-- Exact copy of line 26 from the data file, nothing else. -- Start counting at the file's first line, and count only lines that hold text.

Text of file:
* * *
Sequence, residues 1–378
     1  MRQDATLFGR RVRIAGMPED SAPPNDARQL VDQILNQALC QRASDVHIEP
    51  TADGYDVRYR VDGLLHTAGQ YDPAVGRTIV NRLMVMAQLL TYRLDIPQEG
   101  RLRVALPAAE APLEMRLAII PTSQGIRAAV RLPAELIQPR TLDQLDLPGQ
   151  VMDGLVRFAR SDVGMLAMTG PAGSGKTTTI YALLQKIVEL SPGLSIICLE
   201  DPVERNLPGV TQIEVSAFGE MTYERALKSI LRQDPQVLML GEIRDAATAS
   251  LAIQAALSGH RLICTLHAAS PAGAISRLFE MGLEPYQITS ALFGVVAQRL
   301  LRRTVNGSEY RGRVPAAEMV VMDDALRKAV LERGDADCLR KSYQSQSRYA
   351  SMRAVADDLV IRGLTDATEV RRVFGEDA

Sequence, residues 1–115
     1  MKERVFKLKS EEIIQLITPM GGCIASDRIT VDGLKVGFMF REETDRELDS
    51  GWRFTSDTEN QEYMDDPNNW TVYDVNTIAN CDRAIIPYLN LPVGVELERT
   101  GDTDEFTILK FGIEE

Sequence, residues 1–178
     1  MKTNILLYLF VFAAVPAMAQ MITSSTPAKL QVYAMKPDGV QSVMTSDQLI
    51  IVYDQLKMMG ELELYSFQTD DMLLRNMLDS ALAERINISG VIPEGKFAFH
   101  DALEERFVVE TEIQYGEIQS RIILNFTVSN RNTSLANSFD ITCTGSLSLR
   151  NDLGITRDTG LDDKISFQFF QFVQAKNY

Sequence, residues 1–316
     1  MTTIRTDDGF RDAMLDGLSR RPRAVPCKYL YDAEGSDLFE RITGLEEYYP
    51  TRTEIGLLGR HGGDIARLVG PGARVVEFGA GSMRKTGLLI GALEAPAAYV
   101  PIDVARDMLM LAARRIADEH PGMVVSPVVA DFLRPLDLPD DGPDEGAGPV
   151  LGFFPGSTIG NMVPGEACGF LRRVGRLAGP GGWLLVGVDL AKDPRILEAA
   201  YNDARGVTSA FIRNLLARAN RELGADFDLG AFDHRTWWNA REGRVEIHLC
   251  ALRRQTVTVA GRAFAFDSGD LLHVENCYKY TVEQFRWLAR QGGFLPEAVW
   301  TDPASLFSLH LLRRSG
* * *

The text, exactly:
   301  TDPASLFSLH LLRRSG